What’s in store: Groceries installing barriers amid outbreak
Quincy, Mass. – Grocery stores across the U.S. are installing protective plastic shields at checkouts to help keep cashiers and shoppers from infecting one another with the coronavirus.
At a Stop & Shop supermarket Thursday in Quincy, just south of Boston, shoppers paid for and bagged their groceries, separated from employees by newly installed see-through barriers.
“I think it’s a great protection for customers … and the cashiers,” said Jasmine Vazquez, a home health aide shopping for a client. “We’re supposed to be 6 feet away, but we’re closer to them. So that protection helps, and I feel safer.”
The measures are “all about safety for our customers and our associates,” Stop & Shop spokeswoman Jennifer Brogan said.
“When you’re checking out, there’s not a 6-foot distance – as recommended by the CDC – between the cashier and the customer,” she said. “So we’ve added that as protection as a shield between the two.”
For most people, the coronavirus causes mild or moderate symptoms, such as fever and cough that clear up in two to three weeks. For some, especially older adults and people with existing health problems, it can cause more severe illness, including pneumonia, or death.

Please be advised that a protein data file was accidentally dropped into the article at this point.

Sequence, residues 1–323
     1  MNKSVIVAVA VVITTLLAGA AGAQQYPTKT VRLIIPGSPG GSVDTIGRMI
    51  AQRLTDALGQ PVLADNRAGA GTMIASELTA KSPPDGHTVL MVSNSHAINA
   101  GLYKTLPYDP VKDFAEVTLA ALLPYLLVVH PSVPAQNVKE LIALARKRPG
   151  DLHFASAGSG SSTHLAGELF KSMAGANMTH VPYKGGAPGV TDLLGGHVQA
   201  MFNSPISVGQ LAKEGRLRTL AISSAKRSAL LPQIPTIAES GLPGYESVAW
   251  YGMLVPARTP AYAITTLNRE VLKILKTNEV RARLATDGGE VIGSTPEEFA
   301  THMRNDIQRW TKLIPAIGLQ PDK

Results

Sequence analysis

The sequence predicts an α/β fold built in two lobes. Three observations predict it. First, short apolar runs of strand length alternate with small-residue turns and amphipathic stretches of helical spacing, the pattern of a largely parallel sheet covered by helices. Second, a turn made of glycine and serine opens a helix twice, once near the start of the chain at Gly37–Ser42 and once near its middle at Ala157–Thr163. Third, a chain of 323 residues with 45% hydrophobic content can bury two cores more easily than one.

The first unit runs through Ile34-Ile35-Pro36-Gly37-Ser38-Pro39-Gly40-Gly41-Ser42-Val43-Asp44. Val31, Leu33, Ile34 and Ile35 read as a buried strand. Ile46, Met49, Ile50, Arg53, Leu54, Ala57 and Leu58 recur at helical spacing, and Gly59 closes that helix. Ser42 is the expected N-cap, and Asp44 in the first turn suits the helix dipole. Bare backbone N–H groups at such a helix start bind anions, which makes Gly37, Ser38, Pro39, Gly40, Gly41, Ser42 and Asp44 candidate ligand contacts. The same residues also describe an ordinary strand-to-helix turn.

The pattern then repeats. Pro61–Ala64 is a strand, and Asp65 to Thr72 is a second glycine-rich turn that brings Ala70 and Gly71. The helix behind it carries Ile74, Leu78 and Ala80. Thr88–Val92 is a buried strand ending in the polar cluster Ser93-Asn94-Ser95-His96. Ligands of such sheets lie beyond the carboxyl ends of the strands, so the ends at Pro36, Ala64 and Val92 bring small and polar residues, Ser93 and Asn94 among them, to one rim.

Also installing plastic are Giant Eagle grocery stores in Ohio, as well as Walmart and the Kroger supermarket chain, which said “sneeze guards” will be erected at all its more than 2,700 stores in the next few weeks as the outbreak intensifies.
The Florida-based Publix supermarket chain said Wednesday that all 1,200 locations will have partitions installed at the cash registers, customer service desks and pharmacies within two weeks.
“We’re taking extra precautions for the well-being of our customers and associates,” said Maria Brous, a spokeswoman for Publix Super Markets Inc.
Grocery stores have seen their business soar as authorities urge people go out only for essentials, leading them to stay and cook more at home. The stores have been extremely busy and forced to close earlier to give workers more time to clean and restock as products fly off the shelves.
Some stores have announced their employees have COVID-19. Publix announced this week that an associate in Cumming, Georgia, tested positive.
Some grocery stores in France also installed similar barriers last week when that country went into lockdown.
Associated Press writer Adriana Gomez Licon in Miami contributed to this report.